by John Parrish
This past Sunday, last year's Nicaraguan Mission Team presented a powerful presentation of how Hyde Park United Methodist is helping reveal God's love in one of the poorest places in our hemisphere. The goal of the presentation was to demystify the experience and reveal the amazing transformational impact mission work has in the lives of those who participate.
This past year's group grew to 28 strong. There was talk of the mission's daily experiences. Morning and evening devotional readings. Quiet evenings to play games. Available WiFi, not only for team members to send email updates to loved ones, but also for Trish Krider to send daily blog postings like these to keep the congregation informed. There was even talk of sightseeing – from the town of Leon in the shadow of seven volcanoes to the shimmering waters of the Pacific Ocean.
Mission participants stay and work on the campus of El Ayudante, and can participate in your choice of construction, medical, and educational teams ... and more. As was shared in the presentation, the poverty experienced pulls at your heart, and yet the joy of the Nicaraguan people shines through in smiling children's faces and appreciative adults.
One poignant moment of the presentation for me was when Martha Chamberlain shared a story. Here it is, in her own words:
A visit to the barrio that is home to the poorest of Nicaragua’s poor is often the most powerful experience of our mission trip. Residents live in makeshift shelters like you’ve seen on TV reports from Haiti--but here it is permanent. Homes are built with scraps of wood, sheet metal, whatever they can find—or simply plastic sheeting stretched over sticks. We carry discreetly in our backpacks care packages containing beans, rice, sugar, coffee, cooking oil—enough for a few meals. When we visit with a family, we pray with them and offer the bag of food in Christ’s name.
This November, at one house—so to speak—we are invited inside by an older woman. Her chair is an upside down milk crate on the mud floor, her one-year-old granddaughter hugs her knee. Distraught, sobbing, she tells us, through our translator, that she has cancer. She has had surgery but needs more treatment, and has no way to pay for it. It seems hopeless. What will become of her granddaughter, she asks.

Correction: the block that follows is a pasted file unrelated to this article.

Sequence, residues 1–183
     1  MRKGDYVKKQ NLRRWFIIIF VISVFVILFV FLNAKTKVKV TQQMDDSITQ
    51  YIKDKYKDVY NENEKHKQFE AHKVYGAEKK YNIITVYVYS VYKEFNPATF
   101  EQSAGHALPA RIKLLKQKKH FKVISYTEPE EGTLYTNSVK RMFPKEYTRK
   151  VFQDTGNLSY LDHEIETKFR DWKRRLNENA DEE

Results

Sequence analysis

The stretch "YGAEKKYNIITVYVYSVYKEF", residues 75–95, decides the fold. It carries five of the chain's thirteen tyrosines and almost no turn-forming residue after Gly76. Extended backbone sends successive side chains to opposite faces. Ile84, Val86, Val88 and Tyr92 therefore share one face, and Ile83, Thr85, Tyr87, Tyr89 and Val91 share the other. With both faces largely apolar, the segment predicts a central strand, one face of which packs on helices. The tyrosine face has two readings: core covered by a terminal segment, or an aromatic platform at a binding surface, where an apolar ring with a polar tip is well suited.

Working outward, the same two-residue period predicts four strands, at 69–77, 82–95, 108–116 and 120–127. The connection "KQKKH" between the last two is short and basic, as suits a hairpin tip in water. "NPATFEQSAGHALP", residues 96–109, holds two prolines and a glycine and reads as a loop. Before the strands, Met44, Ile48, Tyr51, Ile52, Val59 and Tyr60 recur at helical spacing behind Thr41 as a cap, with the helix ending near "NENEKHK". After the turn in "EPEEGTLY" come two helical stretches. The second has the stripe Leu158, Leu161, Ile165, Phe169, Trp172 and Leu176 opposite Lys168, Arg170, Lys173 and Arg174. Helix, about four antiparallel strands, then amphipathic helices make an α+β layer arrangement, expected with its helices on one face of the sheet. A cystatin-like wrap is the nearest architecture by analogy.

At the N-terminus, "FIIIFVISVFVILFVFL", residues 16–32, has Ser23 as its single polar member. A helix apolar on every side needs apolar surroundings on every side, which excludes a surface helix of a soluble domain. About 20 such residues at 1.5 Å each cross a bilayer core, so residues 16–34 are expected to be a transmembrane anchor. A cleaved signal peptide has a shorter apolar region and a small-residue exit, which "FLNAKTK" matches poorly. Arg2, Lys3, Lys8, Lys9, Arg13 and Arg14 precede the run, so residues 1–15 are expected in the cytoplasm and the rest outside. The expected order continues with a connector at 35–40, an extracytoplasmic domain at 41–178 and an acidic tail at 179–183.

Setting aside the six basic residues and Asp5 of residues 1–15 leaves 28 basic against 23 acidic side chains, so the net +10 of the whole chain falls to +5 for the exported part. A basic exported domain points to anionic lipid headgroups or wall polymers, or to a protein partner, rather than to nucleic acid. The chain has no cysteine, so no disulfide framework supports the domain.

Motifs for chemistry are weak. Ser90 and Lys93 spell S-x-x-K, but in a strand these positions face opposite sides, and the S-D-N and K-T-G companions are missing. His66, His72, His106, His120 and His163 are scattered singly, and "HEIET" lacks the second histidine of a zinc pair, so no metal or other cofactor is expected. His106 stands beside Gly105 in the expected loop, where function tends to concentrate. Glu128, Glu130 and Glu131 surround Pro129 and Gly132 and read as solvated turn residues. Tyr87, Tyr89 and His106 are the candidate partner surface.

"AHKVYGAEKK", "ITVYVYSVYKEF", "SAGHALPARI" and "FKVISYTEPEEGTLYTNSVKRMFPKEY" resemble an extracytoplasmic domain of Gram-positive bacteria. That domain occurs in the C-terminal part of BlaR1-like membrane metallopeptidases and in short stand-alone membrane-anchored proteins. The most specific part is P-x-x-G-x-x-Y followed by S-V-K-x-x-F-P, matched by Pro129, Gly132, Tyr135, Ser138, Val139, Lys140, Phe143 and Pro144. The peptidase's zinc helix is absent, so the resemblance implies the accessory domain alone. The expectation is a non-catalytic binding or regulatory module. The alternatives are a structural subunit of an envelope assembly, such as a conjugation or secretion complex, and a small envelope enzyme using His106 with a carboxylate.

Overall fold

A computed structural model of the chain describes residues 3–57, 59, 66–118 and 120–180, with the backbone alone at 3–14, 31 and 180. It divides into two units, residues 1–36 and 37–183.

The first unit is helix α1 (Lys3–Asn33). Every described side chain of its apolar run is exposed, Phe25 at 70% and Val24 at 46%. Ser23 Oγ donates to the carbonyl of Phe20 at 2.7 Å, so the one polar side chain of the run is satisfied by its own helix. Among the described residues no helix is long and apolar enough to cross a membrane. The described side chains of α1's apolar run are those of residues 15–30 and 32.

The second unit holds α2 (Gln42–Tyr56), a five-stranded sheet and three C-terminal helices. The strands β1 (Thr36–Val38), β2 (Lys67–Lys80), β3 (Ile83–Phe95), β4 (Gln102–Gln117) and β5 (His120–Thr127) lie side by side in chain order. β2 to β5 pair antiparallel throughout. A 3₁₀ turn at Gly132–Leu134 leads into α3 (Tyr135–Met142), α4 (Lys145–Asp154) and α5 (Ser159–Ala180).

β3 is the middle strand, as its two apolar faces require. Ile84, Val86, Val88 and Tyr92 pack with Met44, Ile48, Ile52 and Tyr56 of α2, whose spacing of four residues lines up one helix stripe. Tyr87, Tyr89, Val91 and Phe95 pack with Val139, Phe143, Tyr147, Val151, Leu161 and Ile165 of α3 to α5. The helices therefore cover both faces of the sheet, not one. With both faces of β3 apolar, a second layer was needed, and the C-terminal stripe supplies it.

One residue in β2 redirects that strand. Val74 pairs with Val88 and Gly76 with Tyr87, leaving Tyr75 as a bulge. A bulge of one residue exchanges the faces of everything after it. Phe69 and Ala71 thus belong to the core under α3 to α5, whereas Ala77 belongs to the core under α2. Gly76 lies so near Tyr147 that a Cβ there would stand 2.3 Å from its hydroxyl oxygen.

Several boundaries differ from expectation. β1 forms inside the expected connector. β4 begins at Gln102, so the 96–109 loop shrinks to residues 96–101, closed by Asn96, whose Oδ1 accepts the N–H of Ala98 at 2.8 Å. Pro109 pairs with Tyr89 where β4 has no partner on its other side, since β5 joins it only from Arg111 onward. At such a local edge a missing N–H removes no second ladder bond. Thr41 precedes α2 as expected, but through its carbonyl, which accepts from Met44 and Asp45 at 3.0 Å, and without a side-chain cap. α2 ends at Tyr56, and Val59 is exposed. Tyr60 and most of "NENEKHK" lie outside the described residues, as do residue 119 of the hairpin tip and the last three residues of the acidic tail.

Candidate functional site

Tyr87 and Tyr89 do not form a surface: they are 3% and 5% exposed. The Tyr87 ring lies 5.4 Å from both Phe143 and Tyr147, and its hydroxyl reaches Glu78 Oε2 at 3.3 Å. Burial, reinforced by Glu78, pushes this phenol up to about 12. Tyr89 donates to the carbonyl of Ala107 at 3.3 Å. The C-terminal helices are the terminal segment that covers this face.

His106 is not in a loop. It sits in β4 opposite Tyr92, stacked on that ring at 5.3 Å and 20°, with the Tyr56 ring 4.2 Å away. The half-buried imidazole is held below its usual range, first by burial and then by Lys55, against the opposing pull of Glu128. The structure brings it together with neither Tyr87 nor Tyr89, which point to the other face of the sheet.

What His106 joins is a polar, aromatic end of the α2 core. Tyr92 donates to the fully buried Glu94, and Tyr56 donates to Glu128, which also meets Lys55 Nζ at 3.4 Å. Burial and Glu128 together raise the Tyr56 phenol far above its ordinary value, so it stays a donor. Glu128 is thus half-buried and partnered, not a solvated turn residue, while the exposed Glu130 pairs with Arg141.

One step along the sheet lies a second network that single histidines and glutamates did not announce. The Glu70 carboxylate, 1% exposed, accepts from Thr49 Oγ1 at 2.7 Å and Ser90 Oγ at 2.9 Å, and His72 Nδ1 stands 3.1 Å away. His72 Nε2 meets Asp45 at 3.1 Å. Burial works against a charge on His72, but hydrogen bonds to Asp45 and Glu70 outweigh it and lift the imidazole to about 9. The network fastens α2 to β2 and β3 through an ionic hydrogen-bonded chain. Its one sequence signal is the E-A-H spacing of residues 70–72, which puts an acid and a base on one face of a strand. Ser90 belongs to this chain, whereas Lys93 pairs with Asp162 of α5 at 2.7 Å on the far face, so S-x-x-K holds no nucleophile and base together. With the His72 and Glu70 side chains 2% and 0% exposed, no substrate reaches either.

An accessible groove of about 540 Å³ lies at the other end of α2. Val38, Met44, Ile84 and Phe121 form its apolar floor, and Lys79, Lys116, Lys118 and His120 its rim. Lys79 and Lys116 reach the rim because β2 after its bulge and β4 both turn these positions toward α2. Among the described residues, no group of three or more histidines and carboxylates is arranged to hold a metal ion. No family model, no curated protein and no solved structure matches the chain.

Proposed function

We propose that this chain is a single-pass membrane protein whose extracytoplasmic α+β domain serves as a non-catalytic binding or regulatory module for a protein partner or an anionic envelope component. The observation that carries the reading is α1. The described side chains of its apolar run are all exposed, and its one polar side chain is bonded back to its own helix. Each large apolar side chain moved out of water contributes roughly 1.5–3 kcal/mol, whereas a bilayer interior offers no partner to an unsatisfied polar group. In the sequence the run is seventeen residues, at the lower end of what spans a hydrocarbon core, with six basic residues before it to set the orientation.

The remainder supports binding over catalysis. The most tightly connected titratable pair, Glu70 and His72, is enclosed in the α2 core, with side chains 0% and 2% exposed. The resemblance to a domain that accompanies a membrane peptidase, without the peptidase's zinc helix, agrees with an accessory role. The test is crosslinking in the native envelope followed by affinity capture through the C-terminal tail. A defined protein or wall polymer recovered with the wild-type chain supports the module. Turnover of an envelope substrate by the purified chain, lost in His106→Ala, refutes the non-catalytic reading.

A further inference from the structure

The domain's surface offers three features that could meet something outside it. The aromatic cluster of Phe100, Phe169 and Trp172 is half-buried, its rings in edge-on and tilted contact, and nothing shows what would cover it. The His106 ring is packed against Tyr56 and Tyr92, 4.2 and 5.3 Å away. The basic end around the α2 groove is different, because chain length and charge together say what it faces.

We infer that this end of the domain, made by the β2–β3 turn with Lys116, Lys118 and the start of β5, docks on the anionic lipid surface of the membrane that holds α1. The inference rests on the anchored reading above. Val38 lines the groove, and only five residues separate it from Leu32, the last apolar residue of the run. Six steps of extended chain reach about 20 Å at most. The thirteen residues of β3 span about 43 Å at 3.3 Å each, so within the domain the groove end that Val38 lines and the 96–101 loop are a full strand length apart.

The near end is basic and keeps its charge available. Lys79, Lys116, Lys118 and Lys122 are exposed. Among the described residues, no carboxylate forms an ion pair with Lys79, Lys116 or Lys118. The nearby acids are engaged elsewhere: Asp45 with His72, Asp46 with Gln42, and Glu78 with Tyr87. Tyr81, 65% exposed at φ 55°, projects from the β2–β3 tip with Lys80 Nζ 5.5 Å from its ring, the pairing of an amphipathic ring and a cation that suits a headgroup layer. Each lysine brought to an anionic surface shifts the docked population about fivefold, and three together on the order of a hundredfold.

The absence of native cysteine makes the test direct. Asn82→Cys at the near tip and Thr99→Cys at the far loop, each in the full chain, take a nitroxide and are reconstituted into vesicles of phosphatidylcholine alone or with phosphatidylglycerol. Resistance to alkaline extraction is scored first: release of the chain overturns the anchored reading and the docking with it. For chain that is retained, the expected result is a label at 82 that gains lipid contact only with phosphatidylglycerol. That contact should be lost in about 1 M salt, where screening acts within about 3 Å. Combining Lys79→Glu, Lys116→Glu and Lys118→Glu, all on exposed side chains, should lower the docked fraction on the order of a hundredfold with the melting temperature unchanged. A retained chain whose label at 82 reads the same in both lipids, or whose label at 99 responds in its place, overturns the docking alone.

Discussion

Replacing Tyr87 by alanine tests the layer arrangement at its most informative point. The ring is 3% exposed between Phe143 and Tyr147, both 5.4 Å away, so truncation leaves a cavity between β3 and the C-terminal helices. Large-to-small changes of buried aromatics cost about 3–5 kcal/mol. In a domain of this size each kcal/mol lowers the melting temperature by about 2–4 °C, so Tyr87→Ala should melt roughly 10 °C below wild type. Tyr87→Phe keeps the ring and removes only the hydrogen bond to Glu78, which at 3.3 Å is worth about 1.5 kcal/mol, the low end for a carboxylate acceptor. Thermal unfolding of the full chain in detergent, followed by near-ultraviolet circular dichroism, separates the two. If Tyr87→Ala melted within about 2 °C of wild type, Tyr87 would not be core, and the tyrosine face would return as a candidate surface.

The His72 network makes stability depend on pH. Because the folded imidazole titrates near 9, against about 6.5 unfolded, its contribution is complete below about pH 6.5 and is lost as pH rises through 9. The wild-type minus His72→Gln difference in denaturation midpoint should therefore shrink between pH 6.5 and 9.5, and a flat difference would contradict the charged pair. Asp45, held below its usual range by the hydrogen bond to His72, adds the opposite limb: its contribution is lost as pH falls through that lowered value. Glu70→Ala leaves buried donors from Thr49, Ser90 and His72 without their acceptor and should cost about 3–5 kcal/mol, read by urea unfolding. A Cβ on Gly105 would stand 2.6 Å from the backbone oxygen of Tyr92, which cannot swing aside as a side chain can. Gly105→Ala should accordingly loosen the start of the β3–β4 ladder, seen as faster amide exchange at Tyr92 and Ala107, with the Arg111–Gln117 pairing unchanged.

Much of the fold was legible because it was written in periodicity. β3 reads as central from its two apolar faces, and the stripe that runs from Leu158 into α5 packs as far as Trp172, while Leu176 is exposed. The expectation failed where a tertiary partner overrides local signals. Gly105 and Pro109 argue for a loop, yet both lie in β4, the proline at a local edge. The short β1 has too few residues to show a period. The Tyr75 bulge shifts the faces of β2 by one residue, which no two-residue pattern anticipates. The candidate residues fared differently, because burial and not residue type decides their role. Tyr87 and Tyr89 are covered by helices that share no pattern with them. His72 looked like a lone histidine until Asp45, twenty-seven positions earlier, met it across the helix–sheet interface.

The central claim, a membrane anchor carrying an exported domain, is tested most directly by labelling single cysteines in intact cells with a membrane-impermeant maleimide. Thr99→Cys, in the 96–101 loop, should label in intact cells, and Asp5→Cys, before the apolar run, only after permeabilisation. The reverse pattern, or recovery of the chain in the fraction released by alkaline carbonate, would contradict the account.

She has a letter from the El Ayudante clinic about her condition, and written instructions she is helpless to follow. Our translator reads but can’t understand the medical terms. But wait! In our group is Dr. Kathy Cunningham. Quickly, Dr. Kathy steps forward to review the papers with the translator. The rest of us watch silently and pray. I hand a tissue to the grandmother to wipe her tears.
And then it happens! The papers do say she had a tumor removed, Kathy explains, but the letter says the tumor was benign, NOT cancer. The instructions are prescriptions for follow-up lab work, she says. That will cost just $5 at the clinic, our translator adds. Instantly a $5 bill comes out of one pocket, and is handed forward. Then one more $5 bill is added to it. Now the tears change to relief and joy. She’s not dying of cancer today.
And together in the barrio, all of us thank God.
Feeling the call? Please read the following from a recent email sent by Vicki Walker:
We are looking for people who want to be servants and join us on our 2010 Nicaraguan trip, Nov. 6 - 13. We will be having our first informational meeting on Monday, April 19 from 6:00 - 7:30 in Knox Hall 150. Dinner is served for $6.00. Attendance at the first few meetings doesn't commit you to going, only to learning more about it. If you are at all interested, we'd love to have you. Feel free to invite others who you think might be interested as well. We have ongoing team meetings on the 3rd Monday of the month in preparation for the trip, so if you know you are interested you can mark your calendars now. We'll take July off, so will meet April - June and August - Oct